Fracking Update – September 2013

Discussion on Fracking
The petitions has been handed in to the council and Beatrice and Chris Broome went to the first meeting on how the council can create a policy document on how to make Sheffield Frack Free. It was reported that it was a very positive meeting and they welcomed our input and practical suggestions. This first meeting was more to share knowledge and understanding of what fracking would mean to Sheffield. Friends of the Earth documents have now been circulated to the council which they can read before the next meeting. The next meeting will be more to discuss the questions regarding fracking so that we can begin to formulate the policy. It was suggested that we all think about what we would like to put in the policy document aimed at making Sheffield frack free. We can also look at the policy implemented at Brighton which is already frack free. There is also information from the Tindall centre.

Frack Free South Yorkshire.
John and Richard went to Maltby where there is a proposal to frack for Coal Bed Methane. They have formed a working group and done some very positive work and it was proposed that we do more if possible to support them. The petition that we asked people to sign whilst on the stall at Ecclesfield stated frack free South Yorkshire which is an expansion from the original which was just for Sheffield. It was also suggested that Beatrice asks the council to put frack free South Yorkshire on the agenda.

We will try to link up with other groups in South Yorkshire and the east-west corridor including Manchester and Liverpool to create a Frack Free belt across the north.

Calow in Chesterfield is also affected by plans for fracking and the Sheffield Star has reported plans for Doncaster

Global Frack Down
On the 19th October Friends of the Earth have suggested that we do a demo or stunt to highlight fracking in line with Dirty Energy month. The main thrust of this is the F word is a dirty word, keep it away from here. There was a suggestion that we do two stunts. One in Rotherham in front of the council offices to show solidarity with the people from Maltby. The second to create a stall in Sheffield council offices. Trisha suggested the we make a model of a fracking rig. Beatrice and Trisha could coordinate the stall; Richard to lead on the one in Rotherham. We need to get some literature to give out at both of these.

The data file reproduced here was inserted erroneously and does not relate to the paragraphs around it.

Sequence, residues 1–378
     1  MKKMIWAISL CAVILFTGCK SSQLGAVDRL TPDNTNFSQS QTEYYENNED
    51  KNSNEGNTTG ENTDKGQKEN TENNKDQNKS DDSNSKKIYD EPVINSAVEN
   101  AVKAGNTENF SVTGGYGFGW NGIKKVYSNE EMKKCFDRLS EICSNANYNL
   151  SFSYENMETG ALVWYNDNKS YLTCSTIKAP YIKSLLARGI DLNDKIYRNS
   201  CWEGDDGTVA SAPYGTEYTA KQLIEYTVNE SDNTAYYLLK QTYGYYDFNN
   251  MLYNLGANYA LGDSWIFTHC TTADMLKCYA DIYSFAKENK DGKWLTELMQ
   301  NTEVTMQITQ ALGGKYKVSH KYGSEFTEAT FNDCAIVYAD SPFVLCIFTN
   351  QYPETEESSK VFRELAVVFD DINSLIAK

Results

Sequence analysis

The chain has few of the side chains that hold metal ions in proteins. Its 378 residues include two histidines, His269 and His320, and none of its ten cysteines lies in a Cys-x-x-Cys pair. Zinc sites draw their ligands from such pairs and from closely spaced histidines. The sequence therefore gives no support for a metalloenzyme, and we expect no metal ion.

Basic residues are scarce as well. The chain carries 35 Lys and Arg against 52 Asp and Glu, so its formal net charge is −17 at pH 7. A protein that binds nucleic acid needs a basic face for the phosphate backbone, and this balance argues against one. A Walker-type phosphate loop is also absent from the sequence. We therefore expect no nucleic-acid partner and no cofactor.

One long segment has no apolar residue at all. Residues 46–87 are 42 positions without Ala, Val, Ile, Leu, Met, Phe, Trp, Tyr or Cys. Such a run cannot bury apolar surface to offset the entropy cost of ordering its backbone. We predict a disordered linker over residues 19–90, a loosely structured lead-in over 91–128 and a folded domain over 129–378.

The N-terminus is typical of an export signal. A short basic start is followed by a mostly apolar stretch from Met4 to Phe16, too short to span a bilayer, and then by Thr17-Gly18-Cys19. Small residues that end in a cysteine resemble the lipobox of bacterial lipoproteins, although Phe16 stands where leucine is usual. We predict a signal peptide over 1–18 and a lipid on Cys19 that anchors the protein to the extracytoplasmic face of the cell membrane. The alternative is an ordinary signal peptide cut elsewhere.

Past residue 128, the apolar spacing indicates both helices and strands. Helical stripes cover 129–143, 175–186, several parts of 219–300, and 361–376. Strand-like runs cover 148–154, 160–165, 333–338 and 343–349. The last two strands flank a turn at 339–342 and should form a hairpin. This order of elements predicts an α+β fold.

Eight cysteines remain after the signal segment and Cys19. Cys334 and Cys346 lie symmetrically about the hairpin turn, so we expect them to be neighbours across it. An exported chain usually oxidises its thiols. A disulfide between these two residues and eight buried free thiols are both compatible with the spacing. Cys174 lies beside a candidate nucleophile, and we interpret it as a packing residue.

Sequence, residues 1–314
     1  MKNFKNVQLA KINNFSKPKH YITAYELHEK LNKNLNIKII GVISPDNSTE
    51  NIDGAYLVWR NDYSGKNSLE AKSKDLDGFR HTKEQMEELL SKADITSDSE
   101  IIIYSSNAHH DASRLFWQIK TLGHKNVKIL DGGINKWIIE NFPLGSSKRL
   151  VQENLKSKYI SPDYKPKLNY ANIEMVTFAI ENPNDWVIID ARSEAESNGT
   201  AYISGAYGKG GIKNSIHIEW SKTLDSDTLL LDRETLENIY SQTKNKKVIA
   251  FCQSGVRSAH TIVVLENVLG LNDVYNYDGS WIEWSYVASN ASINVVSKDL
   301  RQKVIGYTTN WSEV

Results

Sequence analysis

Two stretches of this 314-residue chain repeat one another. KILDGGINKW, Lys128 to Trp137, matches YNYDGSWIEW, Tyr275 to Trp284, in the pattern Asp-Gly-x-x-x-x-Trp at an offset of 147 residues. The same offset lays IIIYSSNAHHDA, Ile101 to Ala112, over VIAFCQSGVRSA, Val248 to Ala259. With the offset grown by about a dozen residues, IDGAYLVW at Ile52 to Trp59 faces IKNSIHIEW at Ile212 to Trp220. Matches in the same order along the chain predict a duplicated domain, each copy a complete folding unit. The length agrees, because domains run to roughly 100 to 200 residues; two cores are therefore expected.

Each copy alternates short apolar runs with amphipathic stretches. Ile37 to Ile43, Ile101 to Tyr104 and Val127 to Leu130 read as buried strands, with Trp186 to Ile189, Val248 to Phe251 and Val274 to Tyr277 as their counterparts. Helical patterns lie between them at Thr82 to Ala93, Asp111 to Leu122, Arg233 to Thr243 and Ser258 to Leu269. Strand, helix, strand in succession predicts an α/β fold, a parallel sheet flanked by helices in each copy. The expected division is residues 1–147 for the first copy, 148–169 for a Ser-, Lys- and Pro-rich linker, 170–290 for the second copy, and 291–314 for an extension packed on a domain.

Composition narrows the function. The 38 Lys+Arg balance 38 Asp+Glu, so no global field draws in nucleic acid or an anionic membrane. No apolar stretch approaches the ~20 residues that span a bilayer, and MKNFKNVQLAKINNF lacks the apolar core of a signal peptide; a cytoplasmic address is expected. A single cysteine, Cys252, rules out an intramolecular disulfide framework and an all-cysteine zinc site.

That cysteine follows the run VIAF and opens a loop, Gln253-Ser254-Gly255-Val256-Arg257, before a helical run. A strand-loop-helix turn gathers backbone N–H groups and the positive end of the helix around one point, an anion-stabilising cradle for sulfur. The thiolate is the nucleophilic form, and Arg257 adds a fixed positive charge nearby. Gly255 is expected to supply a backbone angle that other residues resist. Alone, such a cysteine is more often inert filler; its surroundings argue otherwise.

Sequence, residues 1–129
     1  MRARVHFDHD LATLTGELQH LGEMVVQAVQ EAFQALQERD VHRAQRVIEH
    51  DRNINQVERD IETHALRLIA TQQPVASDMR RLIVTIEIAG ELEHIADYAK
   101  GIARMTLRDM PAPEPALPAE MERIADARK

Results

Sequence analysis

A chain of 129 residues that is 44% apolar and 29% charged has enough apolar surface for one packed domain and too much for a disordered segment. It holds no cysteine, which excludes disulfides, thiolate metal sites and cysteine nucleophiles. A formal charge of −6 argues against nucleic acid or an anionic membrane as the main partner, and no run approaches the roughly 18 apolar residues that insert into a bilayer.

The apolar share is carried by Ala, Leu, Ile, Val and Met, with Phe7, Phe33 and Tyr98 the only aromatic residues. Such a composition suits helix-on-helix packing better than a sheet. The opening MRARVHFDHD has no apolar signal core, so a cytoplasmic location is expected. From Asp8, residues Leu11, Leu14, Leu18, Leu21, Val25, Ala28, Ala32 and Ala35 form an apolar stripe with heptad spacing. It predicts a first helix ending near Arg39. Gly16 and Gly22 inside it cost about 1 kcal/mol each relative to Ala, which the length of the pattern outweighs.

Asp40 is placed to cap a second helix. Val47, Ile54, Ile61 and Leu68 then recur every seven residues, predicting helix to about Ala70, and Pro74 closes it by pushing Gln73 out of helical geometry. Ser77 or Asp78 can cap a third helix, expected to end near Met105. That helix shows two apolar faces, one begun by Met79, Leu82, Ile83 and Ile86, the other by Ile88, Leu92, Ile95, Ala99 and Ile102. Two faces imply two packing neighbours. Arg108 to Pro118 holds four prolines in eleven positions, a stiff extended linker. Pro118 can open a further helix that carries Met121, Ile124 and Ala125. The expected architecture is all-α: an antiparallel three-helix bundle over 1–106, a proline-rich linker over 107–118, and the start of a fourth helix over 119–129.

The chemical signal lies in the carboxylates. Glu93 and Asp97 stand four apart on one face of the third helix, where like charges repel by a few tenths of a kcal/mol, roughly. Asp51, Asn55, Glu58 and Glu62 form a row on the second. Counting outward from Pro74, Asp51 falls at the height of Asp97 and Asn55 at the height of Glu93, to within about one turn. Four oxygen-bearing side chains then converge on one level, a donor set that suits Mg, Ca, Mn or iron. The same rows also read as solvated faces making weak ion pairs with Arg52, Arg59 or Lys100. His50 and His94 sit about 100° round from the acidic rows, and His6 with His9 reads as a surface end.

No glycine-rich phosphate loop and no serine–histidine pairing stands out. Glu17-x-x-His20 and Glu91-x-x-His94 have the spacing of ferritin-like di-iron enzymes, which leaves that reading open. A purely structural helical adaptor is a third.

Fracking News
In a round of fracking news, Lord Stern described David Cameron’s claims that fracking could cut British gas bills as “baseless economics”, since gas is traded internationally. Stern also complained that serious issues, including the amount of water required for fracking and potential contamination, have not been properly debated. He would be delighted if shale gas were burned instead of coal, but said it would be “very worrying” if it displaced renewable energy. He criticised the government’s refusal to set a decarbonisation target for grid electricity, which he said was damaging investor confidence.

The New Economics Foundation reported that Ministers keep hinting heavily that gas prices would collapse as they have in the US, but the comparison is disingenuous. North America is essentially a gas island, so rising production there naturally causes prices to fall. Britain, on the other hand, is plumbed in by pipeline to a much larger European market easily able to absorb any additional shale gas we are likely to produce.

For reference, last year we consumed some 78 billion cubic metres of gas, of which our North Sea production supplied just 41bcm – down from 104bcm a decade earlier (BP Statistical Review). By contrast, National Grid expects onshore gas production - meaning fracking - to amount to just 3.5bcm, or 6% of our projected demand, by 2030. That’s less than a tenth of our current imports.

Even on the basis of a more optimistic production forecast, the impact would be trivial. Cuadrilla has claimed that shale gas from Lancashire could supply 17-18bcm per year, or 21% of UK demand, by 2030. On this basis, analysts Pöyry found prices would be just 2-4% lower than otherwise – but not necessarily lower overall. In an unguarded moment even Cuadrilla itself admitted its impact on energy bills would be “basically insignificant”.

So if gas bills are likely to rise in line with forecast international energy prices regardless, why else might we want to get fracking? Our quote of the week, from Lord Browne of Maddingly, Cuadrilla’s chairman, is priceless: “This is about getting domestic resources. Domestic gas is more green than imported gas”. The assertion that gas is green is a new one on us. No mention of fugitive emissions of methane, nor of the fact that any production of non-conventional oil and gas globally puts 2C out of reach.

But what if we take Lord Browne at his word, and decide to produce a meaningful amount of shale gas for the sake of energy security? We wanted to know how many wells it would take to replace all the gas we currently import – roughly 37 billion cubic metres last year, or 1.3 trillion cubic feet. By chance that’s not far off the current output of the Barnett Shale in the US. There’s no guarantee the UK geology would be the same, but on that assumption, here goes.

At the average well output in the Barnett Shale in 2003, when productivity peaked, it would take some 3,500 wells to replace current UK imports. However, the average well in the Barnett Shale now produces scarcely a third of the gas it did in 2003, so at today’s productivity, it would take more than 9,200 wells. Whichever starting point you choose, because of the steep annual decline rates in shale gas output, you can add another 400 or so each year just to stand still. At which point you have to conclude this is vanishingly unlikely.